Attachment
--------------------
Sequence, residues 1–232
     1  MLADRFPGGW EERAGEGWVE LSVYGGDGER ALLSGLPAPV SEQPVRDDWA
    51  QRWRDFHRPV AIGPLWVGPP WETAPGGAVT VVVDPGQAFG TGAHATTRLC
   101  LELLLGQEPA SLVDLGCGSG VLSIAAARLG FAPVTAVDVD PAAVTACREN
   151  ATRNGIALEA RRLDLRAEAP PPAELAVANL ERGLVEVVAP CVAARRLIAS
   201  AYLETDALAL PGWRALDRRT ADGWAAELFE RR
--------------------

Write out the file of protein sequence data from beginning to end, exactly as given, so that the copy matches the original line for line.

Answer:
Sequence, residues 1–232
     1  MLADRFPGGW EERAGEGWVE LSVYGGDGER ALLSGLPAPV SEQPVRDDWA
    51  QRWRDFHRPV AIGPLWVGPP WETAPGGAVT VVVDPGQAFG TGAHATTRLC
   101  LELLLGQEPA SLVDLGCGSG VLSIAAARLG FAPVTAVDVD PAAVTACREN
   151  ATRNGIALEA RRLDLRAEAP PPAELAVANL ERGLVEVVAP CVAARRLIAS
   201  AYLETDALAL PGWRALDRRT ADGWAAELFE RR